Biodiversity Information Science and Standards : Conference Abstract
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Conference Abstract
A Nano(publication) Approach Towards Big Data in Biodiversity
expand article infoMariya Dimitrova‡,§, Teodor Georgiev§, Lyubomir Penev§,|
‡ Institute of Information and Communication Technologies, Bulgarian Academy of Sciences, Sofia, Bulgaria
§ Pensoft Publishers, Sofia, Bulgaria
| Institute of Biodiversity & Ecosystem Research, Bulgarian Academy of Sciences, Sofia, Bulgaria
Open Access

Abstract

One of the major challenges in biodiversity informatics is the generation of machine-readable data that is interoperable between different biodiversity-related data infrastructures. Producers of such data have to comply with existing standards and to be resourceful enough to enable efficient data generation, management and availability. Conversely, nanopublications offer a decentralised approach (Kuhn et al. 2016) towards achieving data interoperability in a robust and standarized way. A nanopublication is a named RDF graph, which serves to communicate a single fact and its original source (provenance) through the use of identifiers and linked data (Groth et al. 2010). It is composed of three constituent graphs (assertion, provenance, and publication info), which are linked to one another in the nanopublication header (Kuhn et al. 2016). For instance, a nanopublication has been published to assert a species interaction in which a hairy woodpecker (Picoides villosus) ate a beetle (genus Ips), along with the license and related bibliographic citation*1. In biodiversity, nanopublications can be used to exchange information between infrastructures in a standardised way (Fig. 1) and to enable curation and correction of knowledge. They can be implemented within different workflows to formalise biodiversity knowledge in self-enclosed graphs. We have developed several nanopublication models*2 for different biodiversity use cases: species occurrences, new species descriptions, biotic interactions, and links between taxonomy, sequences and institutions. Nanopublications can be generated by various means:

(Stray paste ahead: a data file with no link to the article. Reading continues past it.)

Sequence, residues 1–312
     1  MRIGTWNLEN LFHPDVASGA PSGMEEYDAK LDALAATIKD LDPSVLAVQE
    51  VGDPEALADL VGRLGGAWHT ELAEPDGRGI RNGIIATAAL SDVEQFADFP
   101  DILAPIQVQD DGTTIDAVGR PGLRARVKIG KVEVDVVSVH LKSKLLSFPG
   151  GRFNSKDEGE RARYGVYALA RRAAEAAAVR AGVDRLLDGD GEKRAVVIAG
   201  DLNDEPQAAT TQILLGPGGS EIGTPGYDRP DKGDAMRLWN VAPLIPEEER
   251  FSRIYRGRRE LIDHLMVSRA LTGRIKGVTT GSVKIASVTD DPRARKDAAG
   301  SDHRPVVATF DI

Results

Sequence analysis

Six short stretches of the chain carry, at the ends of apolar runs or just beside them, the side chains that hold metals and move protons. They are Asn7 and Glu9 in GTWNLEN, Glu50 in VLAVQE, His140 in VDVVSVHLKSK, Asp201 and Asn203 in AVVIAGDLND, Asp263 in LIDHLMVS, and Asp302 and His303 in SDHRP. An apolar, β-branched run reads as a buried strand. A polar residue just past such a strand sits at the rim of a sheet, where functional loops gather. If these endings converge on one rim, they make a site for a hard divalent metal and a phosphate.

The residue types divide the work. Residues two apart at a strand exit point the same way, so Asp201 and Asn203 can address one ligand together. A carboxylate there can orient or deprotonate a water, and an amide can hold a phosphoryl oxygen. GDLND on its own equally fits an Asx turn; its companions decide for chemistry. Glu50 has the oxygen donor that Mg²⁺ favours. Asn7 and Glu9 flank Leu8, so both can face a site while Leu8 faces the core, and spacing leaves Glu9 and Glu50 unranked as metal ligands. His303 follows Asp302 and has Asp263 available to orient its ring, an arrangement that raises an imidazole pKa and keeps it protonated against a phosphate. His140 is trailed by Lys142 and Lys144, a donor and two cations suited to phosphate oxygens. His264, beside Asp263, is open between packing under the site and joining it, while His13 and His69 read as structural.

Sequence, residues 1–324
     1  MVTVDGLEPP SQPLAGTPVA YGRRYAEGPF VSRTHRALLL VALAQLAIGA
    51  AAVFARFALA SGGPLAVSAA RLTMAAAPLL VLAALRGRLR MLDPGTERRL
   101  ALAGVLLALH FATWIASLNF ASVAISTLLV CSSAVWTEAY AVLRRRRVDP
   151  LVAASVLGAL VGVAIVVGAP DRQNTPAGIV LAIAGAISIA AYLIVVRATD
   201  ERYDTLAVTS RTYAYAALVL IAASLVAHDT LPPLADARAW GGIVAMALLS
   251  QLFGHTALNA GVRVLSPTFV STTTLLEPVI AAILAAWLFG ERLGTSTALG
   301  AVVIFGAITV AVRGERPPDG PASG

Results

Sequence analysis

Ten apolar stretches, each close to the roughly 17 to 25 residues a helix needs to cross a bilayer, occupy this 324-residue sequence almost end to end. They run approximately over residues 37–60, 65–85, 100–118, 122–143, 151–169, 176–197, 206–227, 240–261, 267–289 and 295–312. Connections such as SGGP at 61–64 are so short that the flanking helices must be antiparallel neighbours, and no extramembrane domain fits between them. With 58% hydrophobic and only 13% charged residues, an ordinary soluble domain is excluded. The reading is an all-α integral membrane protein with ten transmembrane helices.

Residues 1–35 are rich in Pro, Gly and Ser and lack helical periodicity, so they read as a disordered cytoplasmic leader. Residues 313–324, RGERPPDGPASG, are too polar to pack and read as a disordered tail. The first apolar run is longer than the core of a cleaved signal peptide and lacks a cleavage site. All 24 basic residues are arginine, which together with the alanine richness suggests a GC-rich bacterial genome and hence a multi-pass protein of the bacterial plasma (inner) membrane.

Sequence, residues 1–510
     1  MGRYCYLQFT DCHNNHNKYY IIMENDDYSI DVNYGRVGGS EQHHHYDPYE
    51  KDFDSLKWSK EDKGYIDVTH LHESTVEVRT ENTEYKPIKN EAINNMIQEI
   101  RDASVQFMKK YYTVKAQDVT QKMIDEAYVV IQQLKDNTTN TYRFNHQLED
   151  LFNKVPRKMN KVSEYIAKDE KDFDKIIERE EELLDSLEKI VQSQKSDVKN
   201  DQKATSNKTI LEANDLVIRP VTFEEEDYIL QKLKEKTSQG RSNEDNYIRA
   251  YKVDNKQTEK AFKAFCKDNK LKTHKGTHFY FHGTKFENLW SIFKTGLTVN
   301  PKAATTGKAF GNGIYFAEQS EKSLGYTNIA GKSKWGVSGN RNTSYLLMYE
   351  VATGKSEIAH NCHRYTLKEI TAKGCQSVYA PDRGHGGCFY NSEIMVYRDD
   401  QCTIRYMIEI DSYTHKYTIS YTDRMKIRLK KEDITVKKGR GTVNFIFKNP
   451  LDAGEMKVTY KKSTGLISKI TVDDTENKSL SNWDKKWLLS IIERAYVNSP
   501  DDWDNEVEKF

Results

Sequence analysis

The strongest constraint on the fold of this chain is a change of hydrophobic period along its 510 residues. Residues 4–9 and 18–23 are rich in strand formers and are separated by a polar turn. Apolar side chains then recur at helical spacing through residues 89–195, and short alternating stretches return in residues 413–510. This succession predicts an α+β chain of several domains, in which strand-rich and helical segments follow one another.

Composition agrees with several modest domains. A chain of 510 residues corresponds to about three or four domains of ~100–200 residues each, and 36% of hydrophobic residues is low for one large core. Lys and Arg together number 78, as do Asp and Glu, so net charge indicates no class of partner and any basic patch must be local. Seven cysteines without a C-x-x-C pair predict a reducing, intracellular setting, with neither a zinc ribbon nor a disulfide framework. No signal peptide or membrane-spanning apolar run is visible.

Figure 1.

Biodiversity infrastructures can communicate via nanopublications by publishing to and reading from the decentralised nanopublication server network.

  1. semi-automatic extraction from the published literature with a consequent human curation and publication;
  2. generation during the publication process by the authors via dedicated formalisation tool and published together with the article;
  3. de novo generation of a nanopublication through decentralised networks such as Nanobench (Kuhn et al. 2021).

One of the possible uses of nanopublications in biodiversity is communicating new information in a standardised way so that it can be accessed and interpreted by multiple infrastructures that have a common agreement on how information is expressed through the use of particular ontologies, vocabularies and sets of identifiers. In addition, we envision nanopublications to be useful for curation or peer-review of published knowledge by enabling any researcher to publish a nanopublication containing a comment of an assertion made in a previously published nanopublication. With this talk, we aim to showcase several nanopublication formats for biodiversity and to discuss the possible applications of nanopublications in the biodiversity domain.

Keywords

nanopublications, RDF, provenance, decentralisation

Presenting author

Mariya Dimitrova

Presented at

TDWG 2021

Funding program

This presentation is part of a project that has received funding from the European Union’s Horizon 2020 research and innovation programme under the Marie Skłodowska-Curie grant agreement No 764840.

References

Endnotes